So . . . how about Shaymin-EX then? Well, he is noticeable right away for being the frailest of the –EX Pokémon with a mere 110 HP. There are non-EX Basics that can boast better than that, and it makes him an easy one-shot for two Prizes with either Reshiram or Zekrom, but if that is what happens, then you are using him wrong. Yes, if you promote him active to try and slug it out with big hitters in the early-mid game you will lose fairly quickly. However Shaymin was designed for a more subtle and tactical niche: he is your late-game comeback card/finisher.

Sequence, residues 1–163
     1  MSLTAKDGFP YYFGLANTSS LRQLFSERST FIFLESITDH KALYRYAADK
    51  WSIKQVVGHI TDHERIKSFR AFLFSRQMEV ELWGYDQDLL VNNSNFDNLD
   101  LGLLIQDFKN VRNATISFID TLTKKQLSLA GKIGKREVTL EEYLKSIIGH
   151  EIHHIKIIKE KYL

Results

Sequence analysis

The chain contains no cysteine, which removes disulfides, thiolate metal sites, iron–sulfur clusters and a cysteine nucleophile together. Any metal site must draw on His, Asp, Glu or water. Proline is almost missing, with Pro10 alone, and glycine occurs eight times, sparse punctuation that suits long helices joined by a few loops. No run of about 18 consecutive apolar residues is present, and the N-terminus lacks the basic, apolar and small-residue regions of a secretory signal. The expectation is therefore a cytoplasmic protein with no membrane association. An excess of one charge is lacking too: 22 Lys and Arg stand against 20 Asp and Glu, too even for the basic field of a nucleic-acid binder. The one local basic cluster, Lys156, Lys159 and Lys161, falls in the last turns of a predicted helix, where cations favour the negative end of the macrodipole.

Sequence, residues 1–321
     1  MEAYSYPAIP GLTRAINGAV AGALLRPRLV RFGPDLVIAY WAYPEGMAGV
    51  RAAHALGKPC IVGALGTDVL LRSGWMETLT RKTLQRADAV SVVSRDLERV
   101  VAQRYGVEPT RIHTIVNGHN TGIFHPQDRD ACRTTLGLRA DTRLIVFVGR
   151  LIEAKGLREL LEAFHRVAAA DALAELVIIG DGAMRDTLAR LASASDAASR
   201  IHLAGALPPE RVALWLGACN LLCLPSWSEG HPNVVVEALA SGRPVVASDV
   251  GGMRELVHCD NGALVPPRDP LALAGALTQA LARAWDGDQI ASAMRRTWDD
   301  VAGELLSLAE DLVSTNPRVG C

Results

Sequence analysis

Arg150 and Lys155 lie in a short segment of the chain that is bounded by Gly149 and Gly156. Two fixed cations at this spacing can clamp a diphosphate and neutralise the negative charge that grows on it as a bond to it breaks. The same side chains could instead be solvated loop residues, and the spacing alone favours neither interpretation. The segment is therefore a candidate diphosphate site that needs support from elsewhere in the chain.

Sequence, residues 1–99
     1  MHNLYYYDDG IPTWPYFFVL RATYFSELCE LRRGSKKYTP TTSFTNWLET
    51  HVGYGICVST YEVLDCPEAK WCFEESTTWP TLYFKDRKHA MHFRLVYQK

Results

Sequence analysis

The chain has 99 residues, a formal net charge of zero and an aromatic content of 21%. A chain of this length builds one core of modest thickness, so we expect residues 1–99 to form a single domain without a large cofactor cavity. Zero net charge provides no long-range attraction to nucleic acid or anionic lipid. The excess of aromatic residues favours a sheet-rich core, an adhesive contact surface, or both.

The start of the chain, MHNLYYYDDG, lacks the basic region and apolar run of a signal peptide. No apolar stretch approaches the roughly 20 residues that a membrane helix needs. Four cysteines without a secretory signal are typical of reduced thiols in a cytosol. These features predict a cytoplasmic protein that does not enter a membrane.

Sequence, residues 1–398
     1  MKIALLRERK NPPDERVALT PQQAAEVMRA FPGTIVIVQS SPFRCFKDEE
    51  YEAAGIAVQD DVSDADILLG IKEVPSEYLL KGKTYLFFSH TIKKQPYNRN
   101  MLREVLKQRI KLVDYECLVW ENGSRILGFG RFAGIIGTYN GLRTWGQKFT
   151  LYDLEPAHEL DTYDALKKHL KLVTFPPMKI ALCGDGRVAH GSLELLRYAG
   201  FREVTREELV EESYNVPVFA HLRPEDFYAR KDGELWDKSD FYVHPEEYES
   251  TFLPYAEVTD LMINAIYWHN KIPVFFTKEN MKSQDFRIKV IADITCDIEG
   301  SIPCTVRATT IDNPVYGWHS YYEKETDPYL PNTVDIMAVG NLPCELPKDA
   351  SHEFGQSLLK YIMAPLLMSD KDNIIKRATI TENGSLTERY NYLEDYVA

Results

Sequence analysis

How does Shaymin deserve this role? Let’s take a look at his attacks and find out. The first, Synthesis, costs a single Grass Energy and enables you to search your deck for a Grass Energy and attach it to one of your Pokémon. The Energy acceleration if used on the first turn or so can be pretty useful (assuming you run enough Grass and have other Pokémon that can use it), but there’s no way I would want to open with Shaymin for this. Giving up an easy 2 Prizes to the opponent for the sake of getting an extra Grass Energy on the Field is not a good exchange. Probably the best way to view this attack is as some kind of consolation Prize for those games where you are forced into a Shaymin start.